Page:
Monday, November 27, 2006

What the Democrats Should Do

Thomas Edsall writes the follwing in the NY Times:

To stay in the fight, Democratic leaders will have to acknowledge political realities affirmed by the electorate in 1994 and 2006. Many Democratic constituencies — organized labor, minority advocacy organizations, reproductive-and sexual-rights proponents — are reliving battles of a decade or more ago, not the more subtle disputes of today.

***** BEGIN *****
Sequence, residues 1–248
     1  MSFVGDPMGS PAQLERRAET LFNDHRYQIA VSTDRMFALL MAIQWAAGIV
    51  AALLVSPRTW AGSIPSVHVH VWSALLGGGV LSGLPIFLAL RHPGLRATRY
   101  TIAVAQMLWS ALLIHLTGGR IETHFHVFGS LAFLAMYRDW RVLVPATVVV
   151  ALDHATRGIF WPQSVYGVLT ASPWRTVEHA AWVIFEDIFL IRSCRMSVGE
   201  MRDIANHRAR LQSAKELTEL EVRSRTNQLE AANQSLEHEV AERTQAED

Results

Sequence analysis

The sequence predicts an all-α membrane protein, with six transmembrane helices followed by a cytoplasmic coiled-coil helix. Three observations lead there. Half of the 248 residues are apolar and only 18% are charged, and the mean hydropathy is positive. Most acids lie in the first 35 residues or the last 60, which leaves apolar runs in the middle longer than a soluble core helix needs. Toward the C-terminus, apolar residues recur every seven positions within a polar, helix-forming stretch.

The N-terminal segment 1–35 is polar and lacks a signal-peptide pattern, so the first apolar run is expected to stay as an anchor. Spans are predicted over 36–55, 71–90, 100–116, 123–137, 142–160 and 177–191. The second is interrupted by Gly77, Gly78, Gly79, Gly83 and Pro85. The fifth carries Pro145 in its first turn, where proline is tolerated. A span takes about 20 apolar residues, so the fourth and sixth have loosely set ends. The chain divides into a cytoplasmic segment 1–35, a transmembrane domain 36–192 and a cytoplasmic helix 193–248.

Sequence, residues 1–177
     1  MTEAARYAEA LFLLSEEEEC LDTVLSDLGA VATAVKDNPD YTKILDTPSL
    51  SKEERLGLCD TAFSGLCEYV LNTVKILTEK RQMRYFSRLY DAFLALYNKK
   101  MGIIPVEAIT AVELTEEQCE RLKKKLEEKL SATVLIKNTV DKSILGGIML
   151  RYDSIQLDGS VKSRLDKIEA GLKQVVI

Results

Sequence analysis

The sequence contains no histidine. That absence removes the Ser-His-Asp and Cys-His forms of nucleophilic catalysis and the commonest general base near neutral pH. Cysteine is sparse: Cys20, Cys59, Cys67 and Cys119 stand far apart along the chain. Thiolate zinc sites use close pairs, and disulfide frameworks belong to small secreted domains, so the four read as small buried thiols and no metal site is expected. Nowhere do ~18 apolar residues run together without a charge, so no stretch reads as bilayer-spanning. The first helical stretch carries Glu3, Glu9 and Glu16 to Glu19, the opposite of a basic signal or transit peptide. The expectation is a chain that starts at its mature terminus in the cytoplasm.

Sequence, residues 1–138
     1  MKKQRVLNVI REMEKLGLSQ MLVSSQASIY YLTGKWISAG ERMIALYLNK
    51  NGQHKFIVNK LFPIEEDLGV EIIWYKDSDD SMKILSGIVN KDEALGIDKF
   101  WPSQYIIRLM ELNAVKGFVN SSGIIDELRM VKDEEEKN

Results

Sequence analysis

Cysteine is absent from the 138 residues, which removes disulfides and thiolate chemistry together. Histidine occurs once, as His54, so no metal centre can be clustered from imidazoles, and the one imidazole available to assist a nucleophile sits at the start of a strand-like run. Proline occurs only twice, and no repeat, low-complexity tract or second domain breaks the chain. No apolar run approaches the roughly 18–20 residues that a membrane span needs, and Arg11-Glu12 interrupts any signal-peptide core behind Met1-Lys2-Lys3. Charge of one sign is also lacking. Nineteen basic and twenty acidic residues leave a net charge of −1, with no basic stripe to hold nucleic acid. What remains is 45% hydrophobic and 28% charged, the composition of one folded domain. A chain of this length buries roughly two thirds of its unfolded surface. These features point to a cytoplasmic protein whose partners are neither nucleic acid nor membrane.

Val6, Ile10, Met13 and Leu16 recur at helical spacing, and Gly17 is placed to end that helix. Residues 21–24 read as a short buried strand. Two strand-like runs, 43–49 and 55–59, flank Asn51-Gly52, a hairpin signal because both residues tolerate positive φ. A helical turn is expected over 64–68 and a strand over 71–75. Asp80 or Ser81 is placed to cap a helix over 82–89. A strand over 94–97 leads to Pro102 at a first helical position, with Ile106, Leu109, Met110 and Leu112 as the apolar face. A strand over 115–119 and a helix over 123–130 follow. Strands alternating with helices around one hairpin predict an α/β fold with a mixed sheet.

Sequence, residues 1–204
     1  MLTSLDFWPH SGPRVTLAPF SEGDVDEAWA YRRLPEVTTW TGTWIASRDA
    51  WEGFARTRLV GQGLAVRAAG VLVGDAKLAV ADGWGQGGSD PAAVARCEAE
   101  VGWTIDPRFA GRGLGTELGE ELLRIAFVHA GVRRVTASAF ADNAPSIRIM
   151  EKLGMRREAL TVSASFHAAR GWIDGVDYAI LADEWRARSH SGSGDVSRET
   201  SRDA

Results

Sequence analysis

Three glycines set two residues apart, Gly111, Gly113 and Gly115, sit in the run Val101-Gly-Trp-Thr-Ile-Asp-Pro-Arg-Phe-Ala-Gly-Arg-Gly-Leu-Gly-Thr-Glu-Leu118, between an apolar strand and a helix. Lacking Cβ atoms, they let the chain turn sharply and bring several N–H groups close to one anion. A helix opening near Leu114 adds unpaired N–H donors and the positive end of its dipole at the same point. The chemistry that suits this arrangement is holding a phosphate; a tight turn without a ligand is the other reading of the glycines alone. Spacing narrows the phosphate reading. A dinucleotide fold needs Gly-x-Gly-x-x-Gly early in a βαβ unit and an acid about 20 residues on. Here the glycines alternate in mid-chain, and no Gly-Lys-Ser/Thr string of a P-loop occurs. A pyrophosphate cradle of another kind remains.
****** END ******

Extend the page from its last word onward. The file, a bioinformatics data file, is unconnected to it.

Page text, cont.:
I think this is a key point. As an example, some civil rights group seem to treat the affirmative action debate as if it were of the same importance as the desegregation debate. But it's not. Segregation was a pretty clear issue: it was evil and racist. By contrast, affirmative action is a very close call, something which I think people on both sides of the debate should acknowledge. In my view, the Democrats would do much better if they toned down their rhetoric on some of these issues (the Republicans, too, of course, but the article was about the Democrats, so that's what I focused on).

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